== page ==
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Filed under: General — Downunder @ 3:54 pm Sat 25th January 2014

Inside Arohata Women’s Prison

I saw this on as a feature story with a picture up and the first thing that came to mind was what does Arohata mean in Maori.

I (and I think many people would) know that aroha translates as love.

The women sit in a semi-circle, heads down, quiet. They’re there to talk about their most private experiences, many of them traumatic to recall. Five women with five long stories of abuse, drugs and violence.

Their stories and ages differ, but all are living behind the walls at Arohata Women’s Prison.

As best I can see is that this might mean ‘without love’.

Arohata Women’s prison – the woman we no longer love – if there is a better translation than that I would like to know.

The last thing they want to do is talk to a reporter. The sight of a cameraman aiming in their direction makes them shift uncomfortably.

I ask why they are here, what they have been doing.

“Relationships”, one mumbles.

“I just want to get better for my kids,” another says.

You may be wondering why I posted this.

I couldn’t help thinking about a man condemned to the prison of the Family Court jurisdiction and just wanting better for his kids.

His prison bars are not set in concrete walls, they are held in place by the legal forces of our country.

What do you think?

(Arohata – bridge. See also Arawhata – bridge)


  1. Yes sat in a quite circle scheming how to further drain the nz law system and winz and DSW and then make it back on time to set there current partner put for assault

    Comment by F Carlisle — Sat 25th January 2014 @ 5:11 pm

  2. Until you experience being inside I don’t think it is easy to relate.
    Yes there are traps people find themselves in on the outside but being in a cage and having the key locked on you is a totally different experience.

    Comment by Allan Harvey — Sat 25th January 2014 @ 5:22 pm

  3. Prison [the physical one] must be horrible, I would hate to be there. Prison does very little for any inmates and for society. It is easy to say that prisoners deserve to be there but the statistics do not back up this idea. 67% of prisoners have experienced the downfalls of cyf care, 80% of prisoners have a diagnosed mental illness. I wonder if more money spent on mental health and a greater degree of professionalism within a smaller cyf would be better spending of the tax payer dollar than our prisons.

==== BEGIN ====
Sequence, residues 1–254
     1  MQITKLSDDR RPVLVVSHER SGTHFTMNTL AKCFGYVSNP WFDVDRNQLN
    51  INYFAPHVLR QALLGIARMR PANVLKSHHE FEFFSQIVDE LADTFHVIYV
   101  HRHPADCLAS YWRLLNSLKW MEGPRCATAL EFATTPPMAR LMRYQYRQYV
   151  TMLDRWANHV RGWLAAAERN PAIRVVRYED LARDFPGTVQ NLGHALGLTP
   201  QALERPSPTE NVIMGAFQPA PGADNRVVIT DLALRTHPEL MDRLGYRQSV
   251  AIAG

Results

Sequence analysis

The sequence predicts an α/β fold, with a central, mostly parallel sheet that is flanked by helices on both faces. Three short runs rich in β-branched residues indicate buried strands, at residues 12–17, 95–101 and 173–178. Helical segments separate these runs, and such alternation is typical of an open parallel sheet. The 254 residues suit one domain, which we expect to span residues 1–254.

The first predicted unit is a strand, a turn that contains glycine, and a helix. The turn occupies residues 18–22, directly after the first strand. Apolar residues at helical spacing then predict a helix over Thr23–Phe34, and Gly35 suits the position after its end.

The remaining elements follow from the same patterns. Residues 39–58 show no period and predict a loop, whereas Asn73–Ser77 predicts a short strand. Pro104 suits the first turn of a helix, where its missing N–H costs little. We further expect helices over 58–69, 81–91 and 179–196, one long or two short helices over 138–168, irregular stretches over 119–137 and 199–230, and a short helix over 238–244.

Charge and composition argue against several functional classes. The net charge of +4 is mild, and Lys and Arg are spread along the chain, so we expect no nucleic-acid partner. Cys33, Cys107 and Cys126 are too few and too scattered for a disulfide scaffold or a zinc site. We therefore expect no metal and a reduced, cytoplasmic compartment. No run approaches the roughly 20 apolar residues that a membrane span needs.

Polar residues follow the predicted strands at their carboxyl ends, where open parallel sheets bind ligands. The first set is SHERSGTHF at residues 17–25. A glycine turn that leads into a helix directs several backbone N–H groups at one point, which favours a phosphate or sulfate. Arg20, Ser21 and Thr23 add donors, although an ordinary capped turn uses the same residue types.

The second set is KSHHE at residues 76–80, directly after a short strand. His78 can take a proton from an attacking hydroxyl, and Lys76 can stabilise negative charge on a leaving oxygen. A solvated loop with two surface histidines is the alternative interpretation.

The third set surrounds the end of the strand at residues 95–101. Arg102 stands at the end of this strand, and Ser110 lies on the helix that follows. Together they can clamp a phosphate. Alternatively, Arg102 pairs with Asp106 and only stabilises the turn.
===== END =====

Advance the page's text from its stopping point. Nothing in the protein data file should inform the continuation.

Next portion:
As for people who suffer because of family court drawbacks and the bias frequently shown within the court against males this truly is another prison which is unnecessary.
    It could be that the techniques shown in Arohata prison work and if they do then similar type programs should be used in other prisons.
    Both men and women normally want better for their kids and I wish family courts, cyf, the police and the judiciary would recognise this and act accordingly.
    I suppose I had better get on and design a flying pig that would be more likely to succeed than persuading cyf etc that they need to rethink their ideas

    Comment by andreas — Sat 25th January 2014 @ 9:53 pm

  4. I’m meant to feel sympathy for women in prison …. why?

    Comment by OMG you're &*^(%$ — Sun 26th January 2014 @ 9:29 am

  5. How about some empathy and support for all the men arrested and prosecuted and punished/jailed for texting or emailing or driving down what the cops have decided is the wrong street, or defending themselves when their wife or former wife attacks them?
    How about some sympathy for those who take their own possessions from their own home or call the police because their daughter says she doesn’t like having sleepovers at strange mens houses and strange men staying at her home – and the police arrest him for it.
    The police gestapo nazis call it ‘Breach of Protection Order”.
    The public has no idea what that is but it sounds bad and it is called ‘domestic violence’ by the judge so it must be bad.

    We need to educate the public and be more visible and make people aware of the domestic ‘violence’ industry and the ‘child support scam’ which are all tied into the Family Court and the money grabbing of those involved in it and the $ grabbing of the government.

    Do people know that they no longer have any parental rights to their children and that the state owns them and merely allows them to take care of them. They now only have ‘responsibilities’ to their children and the government can take them away with the slightest excuse due to the Domestic Violence Act and the Care of Children Act etc.

    If you stand by and do nothing while someone else’s rights are taken away then you are also giving up your own rights and it is only a matter of time until you get them taken from you.